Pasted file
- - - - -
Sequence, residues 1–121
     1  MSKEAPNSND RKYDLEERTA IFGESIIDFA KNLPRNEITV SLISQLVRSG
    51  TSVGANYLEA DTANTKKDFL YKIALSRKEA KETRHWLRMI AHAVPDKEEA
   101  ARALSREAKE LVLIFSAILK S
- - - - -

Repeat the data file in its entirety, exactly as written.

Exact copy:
Sequence, residues 1–121
     1  MSKEAPNSND RKYDLEERTA IFGESIIDFA KNLPRNEITV SLISQLVRSG
    51  TSVGANYLEA DTANTKKDFL YKIALSRKEA KETRHWLRMI AHAVPDKEEA
   101  ARALSREAKE LVLIFSAILK S